I have to say I'm disturbed.... I think what's done is acceptable. But it's just acceptable. Barely acceptable.... [T]hese companies have spent three years putting this case through. They [didn't] get anyplace. You come to realize that after a while the processing can... knock people out of the box.... The difficulty of processing and the cost of processing gets to be a form of prohibition, aside from the substance of the decisions.
The trial judge entered final judgment but allowed for plaintiffs to re-open the case in a year because the"requirements of federal law that there not be a prohibition are very close to being breached in eastern Mendham Township. And we're not going to let them be breached. It's an important national policy." Plaintiffs appealed.
Plaintiffs argue that the Board's denial of their application and the trial court's affirmance thereof constituted an effective prohibition of wireless service, in violation of the TCA, 47 U.S.C.A. § 332(c)(7)(B)(i)(II). They contend that the principles articulated in Sprint Spectrum L.P. require the Board to grant their application once they established that there was a significant gap in service and that their proposal was the least intrusive means of closing that gap. They further claim that the trial judge erroneously applied a deferential standard rather than a de novo review.
The Board responds that the TCA preserves the authority of local boards to regulate the siting of telecommunications facilities and de novo review is not, therefore, appropriate in this case. Notwithstanding their own experts' testimony to the contrary, the Board maintains that there is no significant gap in telecommunications coverage in the Township and that its decision does not effectively prohibit wireless communications services.*fn6
The Board relies on two recent federal cases that we deem irrelevant to this appeal. ATC Realty, LLC v. Town of Kingston, 303 F.3d 91 (1st Cir. 2002), did not involve a claim of effective prohibition, because the local zoning authority had previously granted permission to a different tower developer to build a site that would close the gap in local service. Id. at 95. Similarly, in Southwestern Bell Mobile Systems, Inc. v. Todd, 244 F.3d 51 (1st Cir. 2001), the carrier specifically conceded that denial of its application did not constitute an effective prohibition of telecommunications services. Id. at 63.
The Board fails to differentiate between a claim brought pursuant to 47 U.S.C.A. § 332(c)(7)(B)(iii), which requires that decisions of local boards be in writing and be supported by substantial evidence in the record, and a claim brought pursuant to 47 U.S.C.A. § 332(c)(7)(B)(i)(II), which proscribes the effective prohibition of personal wireless services.*fn7 While determinations under § 332(c)(7)(B)(iii) are reviewed under the substantial credible evidence standard, claims of effective prohibition under § 332(c)(7)(B)(i)(II) are reviewed de novo. Nextel of N.Y., Inc. v. Bor. of Englewood Cliffs Bd. of Adjustment, 361 N.J. Super. 22, 44 (App. Div. 2003).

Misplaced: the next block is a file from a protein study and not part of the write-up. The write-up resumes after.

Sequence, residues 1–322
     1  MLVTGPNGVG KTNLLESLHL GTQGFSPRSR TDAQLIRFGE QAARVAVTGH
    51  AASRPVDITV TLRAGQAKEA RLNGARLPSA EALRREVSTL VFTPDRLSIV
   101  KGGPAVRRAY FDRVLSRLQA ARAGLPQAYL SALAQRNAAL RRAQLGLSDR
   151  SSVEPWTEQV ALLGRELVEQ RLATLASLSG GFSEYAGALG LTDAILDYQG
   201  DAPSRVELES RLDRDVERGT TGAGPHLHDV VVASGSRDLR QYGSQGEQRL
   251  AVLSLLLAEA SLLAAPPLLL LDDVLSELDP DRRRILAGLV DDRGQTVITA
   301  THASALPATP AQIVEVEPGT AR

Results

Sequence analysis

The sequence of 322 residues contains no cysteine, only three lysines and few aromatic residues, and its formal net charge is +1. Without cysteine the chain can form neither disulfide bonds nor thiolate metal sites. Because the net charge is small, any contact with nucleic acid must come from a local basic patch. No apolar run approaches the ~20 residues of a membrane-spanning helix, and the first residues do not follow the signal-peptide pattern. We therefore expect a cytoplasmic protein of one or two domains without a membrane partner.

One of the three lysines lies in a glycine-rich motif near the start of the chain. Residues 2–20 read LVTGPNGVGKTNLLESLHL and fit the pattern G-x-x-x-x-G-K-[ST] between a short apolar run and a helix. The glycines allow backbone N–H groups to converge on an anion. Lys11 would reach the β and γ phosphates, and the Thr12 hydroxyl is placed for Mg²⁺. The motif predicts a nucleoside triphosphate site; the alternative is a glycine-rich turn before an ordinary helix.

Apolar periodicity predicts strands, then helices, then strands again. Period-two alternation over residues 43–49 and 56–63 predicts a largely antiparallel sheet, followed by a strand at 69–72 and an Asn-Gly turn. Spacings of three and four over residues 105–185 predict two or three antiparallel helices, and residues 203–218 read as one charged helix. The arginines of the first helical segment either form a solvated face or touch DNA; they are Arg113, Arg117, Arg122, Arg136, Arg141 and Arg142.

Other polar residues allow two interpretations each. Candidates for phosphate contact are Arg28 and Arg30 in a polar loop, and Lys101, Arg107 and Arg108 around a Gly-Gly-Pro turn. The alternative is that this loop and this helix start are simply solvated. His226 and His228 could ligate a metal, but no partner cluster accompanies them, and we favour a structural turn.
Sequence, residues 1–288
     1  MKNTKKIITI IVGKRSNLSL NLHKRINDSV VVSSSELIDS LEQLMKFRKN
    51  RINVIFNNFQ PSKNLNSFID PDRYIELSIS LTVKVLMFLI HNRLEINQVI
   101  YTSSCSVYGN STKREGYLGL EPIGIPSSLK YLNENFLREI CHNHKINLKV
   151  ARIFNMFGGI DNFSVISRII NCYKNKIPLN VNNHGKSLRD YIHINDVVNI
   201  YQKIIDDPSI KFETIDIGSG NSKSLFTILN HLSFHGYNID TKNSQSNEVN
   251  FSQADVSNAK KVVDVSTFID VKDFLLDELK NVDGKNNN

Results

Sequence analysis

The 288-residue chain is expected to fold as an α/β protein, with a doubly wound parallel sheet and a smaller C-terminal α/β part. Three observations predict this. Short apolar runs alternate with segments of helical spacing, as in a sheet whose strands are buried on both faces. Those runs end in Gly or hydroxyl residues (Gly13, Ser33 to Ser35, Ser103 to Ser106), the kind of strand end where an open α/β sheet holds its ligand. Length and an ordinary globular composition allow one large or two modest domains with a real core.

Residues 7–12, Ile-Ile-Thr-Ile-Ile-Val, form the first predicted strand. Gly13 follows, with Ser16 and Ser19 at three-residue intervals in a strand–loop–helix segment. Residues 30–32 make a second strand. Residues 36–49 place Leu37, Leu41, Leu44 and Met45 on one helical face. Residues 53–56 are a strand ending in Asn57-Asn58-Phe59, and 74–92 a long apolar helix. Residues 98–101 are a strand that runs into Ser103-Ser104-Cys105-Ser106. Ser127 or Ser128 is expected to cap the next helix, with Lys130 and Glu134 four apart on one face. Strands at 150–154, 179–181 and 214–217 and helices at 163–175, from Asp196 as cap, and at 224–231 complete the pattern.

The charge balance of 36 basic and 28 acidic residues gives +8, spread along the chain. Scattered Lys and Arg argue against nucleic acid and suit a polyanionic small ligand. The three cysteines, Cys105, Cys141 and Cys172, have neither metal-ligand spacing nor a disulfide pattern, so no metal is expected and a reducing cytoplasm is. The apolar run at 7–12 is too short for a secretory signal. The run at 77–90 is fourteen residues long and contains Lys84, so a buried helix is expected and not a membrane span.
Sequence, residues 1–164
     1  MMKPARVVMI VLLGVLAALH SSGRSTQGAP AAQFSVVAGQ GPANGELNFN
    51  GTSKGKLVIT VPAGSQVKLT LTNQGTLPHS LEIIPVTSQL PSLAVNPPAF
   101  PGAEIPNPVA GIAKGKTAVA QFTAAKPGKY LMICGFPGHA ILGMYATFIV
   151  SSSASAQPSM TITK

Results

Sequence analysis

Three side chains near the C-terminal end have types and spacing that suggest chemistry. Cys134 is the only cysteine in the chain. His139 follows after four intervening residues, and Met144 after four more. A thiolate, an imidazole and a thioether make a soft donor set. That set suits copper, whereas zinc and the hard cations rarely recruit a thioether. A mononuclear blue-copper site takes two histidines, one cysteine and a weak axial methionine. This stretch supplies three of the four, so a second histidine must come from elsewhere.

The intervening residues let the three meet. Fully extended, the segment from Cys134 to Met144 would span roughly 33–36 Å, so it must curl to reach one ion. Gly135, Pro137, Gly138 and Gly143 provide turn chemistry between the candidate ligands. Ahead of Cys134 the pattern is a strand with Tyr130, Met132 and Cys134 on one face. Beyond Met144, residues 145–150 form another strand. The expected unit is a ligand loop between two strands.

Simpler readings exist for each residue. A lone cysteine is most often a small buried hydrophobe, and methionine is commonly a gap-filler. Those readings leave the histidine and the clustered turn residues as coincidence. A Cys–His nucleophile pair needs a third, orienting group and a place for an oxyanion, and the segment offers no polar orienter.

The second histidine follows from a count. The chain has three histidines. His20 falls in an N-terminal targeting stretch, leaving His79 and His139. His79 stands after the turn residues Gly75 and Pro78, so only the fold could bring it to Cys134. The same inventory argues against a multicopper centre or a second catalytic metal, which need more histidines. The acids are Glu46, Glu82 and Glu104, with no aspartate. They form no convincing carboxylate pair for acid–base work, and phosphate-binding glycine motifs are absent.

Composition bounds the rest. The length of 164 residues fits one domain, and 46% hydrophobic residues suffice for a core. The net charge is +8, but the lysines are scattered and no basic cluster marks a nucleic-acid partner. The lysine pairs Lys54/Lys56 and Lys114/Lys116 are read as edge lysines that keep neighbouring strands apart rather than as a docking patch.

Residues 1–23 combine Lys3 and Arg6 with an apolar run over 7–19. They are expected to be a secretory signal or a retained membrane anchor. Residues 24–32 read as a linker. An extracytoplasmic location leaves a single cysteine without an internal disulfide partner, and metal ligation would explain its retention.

The intervenors concede that de novo review is the proper standard, but they contend that the trial court applied that standard in rejecting plaintiffs' arguments. They claim that the carriers failed to make"thorough and genuine efforts to explore the potential of locating their equipment on any alternative site."
A. Standard of Review
We have previously held that the TCA, 47 U.S.C.A. § 332(c)(7)(B)(i)(II), preempts any State statute or local ordinance that effectively prohibits personal wireless services. Sprint Spectrum L.P., supra, 352 N.J. Super. at 601. We directed the trial courts to apply "a de novo review that is not necessarily limited to the record compiled by the local authority." Id. at 602 (citing APT Pittsburgh Ltd. P'ship v. Penn Tp., 196 F.3d 469, 475 (3d Cir. 1999); Town of Amherst v. Omnipoint Communications Enters., Inc., 173 F.3d 9, 16 (1st Cir. 1999)). We further noted that the de novo standard applies equally to appellate review, with no deference afforded to the trial court's factual findings:
We review the record de novo in order to decide whether plaintiffs proved that there is a significant gap in the ability of remote users to access the national telephone network. In making that determination, we consider whether plaintiffs proved that the area is not already being served by another wireless communications provider. Further, we must decide whether plaintiffs proved that the proposed facility is the least intrusive means to close the gap in service. In so doing, we also consider whether plaintiffs made a good faith effort to identify and evaluate less intrusive alternatives. [Sprint Spectrum, supra, 352 N.J. Super. at 609-10 (citation omitted).]